Now that the new year has arrived, I thought I’d take a look back at one of my favorite things I had the fortune of experiencing in 2018. Although it came out in 2017, I was not aware of Doki Doki Literature Club until only a few months ago.
Before I continue writing this, I’m going to put a few disclaimers here. First of all, there are going to be heavy spoilers for the game. If you don’t know anything about it I highly recommend you play it before reading this. It’s free to play and available on Steam, and it truly is a unique experience unlike any other.
Aside from the spoiler warning, I’m going to be talking about some really sensitive and disturbing stuff, including self harm and suicide. If you’re not comfortable hearing about that kind of stuff, I’d stop reading now. And on top of that, I’d say you probably shouldn’t play this game if you can’t read about it.
Doki Doki Literature Club is many things. It’s a psychological horror game disguised as a cute and innocent visual novel and dating simulator, the kind of game I would normally hate. The goal seemingly is to write poems while you’re part of the literature club at a high school so that you can impress one of four different girls who all have different personalities. You may ask why I’m writing about this game on my blog. It’s because of the music.
My first experience with this game was in my apartment at college. My roommates said they would be having some friends over to play a game later. I was holed up in my room doing work when I heard the same stupid repetitive song playing on repeat. This was the music for Doki Doki Literature Club, and when I finally went out and saw what they were playing, I was just confused. This was the game everyone was so excited about? It was just a dating simulator!
But that’s part of what I wanted to talk about. The first two or three hours of DDLC are boring and straightforward. The same annoying music plays while cutesy things happen with almost no consequence. But it’s like that on purpose. Sayori, your childhood friend tells you that she’s depressed and she keeps getting worse and worse. Finally it’s the day of the festival, a day you’ve been planning for. Sayori doesn’t walk to school with you, doesn’t show up to school, and won’t answer her phone. And for the first time since the game started, the music has completely stopped.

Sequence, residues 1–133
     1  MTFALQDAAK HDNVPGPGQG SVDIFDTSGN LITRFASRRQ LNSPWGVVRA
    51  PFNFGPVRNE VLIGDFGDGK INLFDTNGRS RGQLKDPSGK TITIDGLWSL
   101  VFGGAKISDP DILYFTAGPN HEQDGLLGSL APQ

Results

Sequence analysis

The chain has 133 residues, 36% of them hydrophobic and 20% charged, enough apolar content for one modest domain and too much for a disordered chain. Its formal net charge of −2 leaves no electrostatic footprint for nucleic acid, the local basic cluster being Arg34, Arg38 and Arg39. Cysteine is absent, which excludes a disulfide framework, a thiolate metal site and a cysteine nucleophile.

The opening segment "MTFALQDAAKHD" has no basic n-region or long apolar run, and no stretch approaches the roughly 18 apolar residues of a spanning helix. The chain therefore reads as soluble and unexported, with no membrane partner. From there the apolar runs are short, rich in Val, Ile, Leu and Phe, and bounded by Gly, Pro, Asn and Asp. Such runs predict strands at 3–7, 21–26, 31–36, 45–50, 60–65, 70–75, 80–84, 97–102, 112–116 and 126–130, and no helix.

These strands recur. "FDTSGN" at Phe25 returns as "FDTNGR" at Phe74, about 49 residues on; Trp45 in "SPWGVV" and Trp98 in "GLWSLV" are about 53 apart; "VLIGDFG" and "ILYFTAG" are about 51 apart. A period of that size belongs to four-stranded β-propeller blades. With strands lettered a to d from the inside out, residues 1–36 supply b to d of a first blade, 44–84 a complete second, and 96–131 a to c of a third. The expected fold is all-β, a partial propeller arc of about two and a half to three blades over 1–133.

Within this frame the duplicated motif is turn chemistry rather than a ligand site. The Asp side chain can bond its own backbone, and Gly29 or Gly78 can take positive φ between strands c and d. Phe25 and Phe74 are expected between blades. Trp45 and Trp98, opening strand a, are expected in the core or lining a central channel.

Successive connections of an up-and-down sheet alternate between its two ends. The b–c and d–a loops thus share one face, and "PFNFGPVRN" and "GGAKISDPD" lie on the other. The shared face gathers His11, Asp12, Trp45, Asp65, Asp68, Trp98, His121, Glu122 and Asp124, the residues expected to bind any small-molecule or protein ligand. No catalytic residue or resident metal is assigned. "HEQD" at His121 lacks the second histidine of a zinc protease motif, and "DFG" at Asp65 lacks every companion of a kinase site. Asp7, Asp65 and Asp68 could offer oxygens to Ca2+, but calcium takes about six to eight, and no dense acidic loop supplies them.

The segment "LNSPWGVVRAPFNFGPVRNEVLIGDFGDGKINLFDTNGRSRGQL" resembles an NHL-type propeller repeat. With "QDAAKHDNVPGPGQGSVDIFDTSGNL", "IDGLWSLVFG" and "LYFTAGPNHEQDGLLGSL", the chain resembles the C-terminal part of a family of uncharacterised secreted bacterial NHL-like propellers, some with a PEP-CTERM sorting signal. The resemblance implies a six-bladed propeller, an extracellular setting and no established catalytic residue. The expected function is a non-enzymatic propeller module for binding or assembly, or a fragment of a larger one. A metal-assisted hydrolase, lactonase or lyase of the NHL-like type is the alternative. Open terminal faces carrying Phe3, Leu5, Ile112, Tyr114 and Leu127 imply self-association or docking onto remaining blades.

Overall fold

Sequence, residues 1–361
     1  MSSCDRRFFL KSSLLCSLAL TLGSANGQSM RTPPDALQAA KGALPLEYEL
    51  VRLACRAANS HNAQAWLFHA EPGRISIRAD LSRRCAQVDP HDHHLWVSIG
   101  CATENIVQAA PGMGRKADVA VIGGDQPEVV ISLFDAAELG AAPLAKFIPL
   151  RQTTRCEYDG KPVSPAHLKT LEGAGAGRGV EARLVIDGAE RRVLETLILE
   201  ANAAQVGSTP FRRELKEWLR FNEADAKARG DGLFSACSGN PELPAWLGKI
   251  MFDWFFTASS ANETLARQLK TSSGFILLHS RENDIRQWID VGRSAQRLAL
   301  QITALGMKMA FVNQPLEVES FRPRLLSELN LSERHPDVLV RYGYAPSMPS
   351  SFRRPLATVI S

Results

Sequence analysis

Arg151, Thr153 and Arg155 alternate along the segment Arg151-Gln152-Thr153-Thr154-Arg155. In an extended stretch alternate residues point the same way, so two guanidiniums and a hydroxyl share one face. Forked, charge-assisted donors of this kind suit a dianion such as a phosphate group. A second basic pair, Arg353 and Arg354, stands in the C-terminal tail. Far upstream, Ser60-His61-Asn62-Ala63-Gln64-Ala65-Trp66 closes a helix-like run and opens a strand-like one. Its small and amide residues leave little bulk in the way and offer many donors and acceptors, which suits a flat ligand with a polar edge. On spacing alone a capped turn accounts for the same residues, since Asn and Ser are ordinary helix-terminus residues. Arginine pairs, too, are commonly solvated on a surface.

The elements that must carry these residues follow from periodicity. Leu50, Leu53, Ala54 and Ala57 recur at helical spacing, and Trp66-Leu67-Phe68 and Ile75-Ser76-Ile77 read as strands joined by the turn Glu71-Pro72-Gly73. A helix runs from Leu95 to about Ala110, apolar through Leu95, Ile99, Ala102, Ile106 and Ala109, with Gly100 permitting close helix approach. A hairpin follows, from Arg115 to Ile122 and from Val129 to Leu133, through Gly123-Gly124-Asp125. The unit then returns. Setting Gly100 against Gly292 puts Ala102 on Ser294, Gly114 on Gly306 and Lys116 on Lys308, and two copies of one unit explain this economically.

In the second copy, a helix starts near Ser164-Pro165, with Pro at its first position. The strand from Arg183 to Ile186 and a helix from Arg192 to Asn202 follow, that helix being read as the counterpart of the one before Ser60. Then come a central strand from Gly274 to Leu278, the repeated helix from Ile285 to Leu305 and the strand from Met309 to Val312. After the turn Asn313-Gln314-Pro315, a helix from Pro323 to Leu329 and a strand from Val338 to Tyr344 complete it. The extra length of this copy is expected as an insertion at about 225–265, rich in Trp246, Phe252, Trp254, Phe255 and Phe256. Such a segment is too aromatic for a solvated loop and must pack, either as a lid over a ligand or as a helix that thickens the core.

Something is wrong.
The gameplay involves “writing” poems. There should be poems from each of the girls that you’ve read at some point prior to this in the game. But Sayori’s is different. It reads “Get out of my head” a few dozen times and finishes with “But a poem is never really finished. It just stops moving.” It’s a moment that gives you chills. And there’s a reason why. The music has lulled you into a false sense of security. Without it, nothing can save you from what this game is about to become.
After that, you go to Sayori’s house and find her dead, hanging from her bedroom ceiling. After glitching out a little bit, the game restarts and her character file is deleted from the game. This game is about to take you on a ride.
The second act of the game is sinister and just plain creepy. A lot of what happens here is what gives the game its reputation as a psychological horror game. It plays out the same as before but without Sayori. It’s like she never even existed. As you can imagine, the game starts to really screw up as one of its important characters is now completely missing from the game’s files. The other characters’ demeanors take a dark turn. You hear about one character’s abusive father, you find another character cutting herself, and eventually, something far worse.
This section of the game makes brilliant use of music and sound. You’re now so used to hearing that repetitive music that anytime it throws a different note or sound or even silence in there, it’s jarring. There are spots where you hear the sounds of heartbeats, a brief giggle, a glitchy static sound, or a number of other things. There’s even a spot where the music temporarily becomes diagetic. Your character goes out in the hall and the music becomes muffled, meaning that the music only exists in and is coming from the classroom for that moment. All of these things are unsettling and terrifying.
This of course raises many questions about the future of sound design for video games. We know that sounds and music have always been used in video games to enhance the player’s experience. Sometimes it’s used to make the game more realistic. For example, if you’re playing a baseball game it wouldn’t quite feel like baseball if you didn’t hear the crack of the bat hitting the ball. This is true in the earliest baseball games as well as the super realistic ones we have in the modern day.
But what if the sound design of a video game doesn’t just enhance the perception of the content in the game, but the game itself? This is where Doki Doki Literature Club and Dan Salvato stand out among the rest as pioneers.
There are plenty of horror games out there that use sounds and music as elements to scare the player. However, these elements are meant to make the characters, events, creatures, or other things in the game scary. DDLC uses sounds and music to make the player terrified of the game itself. The game’s folder on your computer is just as unsettling as a lot of the stuff you’ll actually find in the game while playing it.
Overall, DDLC has taught me that a game’s music doesn’t have to be amazing or complex to be effective. It’s all about how you use it. This game was one of the most unique experiences I’ve ever had with a video game or with any other media for that matter. I highly recommend you go play it as it’s free to play by download either from the DDLC website or on Steam. I look forward to future projects by Team Salvato!